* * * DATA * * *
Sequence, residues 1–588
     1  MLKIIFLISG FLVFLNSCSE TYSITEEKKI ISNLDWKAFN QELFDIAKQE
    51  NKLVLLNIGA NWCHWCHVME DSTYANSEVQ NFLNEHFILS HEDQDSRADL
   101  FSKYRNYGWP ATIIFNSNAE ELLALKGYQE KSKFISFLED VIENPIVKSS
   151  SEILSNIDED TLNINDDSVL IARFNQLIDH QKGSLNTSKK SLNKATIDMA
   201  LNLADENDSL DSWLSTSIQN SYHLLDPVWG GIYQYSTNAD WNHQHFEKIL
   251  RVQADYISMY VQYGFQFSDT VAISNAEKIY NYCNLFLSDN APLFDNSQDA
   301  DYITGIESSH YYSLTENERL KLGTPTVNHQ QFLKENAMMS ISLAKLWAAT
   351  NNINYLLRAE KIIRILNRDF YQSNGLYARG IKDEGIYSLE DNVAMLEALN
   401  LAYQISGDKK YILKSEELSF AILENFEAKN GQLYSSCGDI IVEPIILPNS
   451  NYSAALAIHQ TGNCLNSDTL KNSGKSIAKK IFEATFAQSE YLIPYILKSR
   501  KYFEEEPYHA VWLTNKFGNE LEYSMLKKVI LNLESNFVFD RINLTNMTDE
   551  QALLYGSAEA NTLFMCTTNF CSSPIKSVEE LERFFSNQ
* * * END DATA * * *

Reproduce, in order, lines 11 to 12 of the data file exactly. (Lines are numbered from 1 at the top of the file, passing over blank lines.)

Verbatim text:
   451  NYSAALAIHQ TGNCLNSDTL KNSGKSIAKK IFEATFAQSE YLIPYILKSR
   501  KYFEEEPYHA VWLTNKFGNE LEYSMLKKVI LNLESNFVFD RINLTNMTDE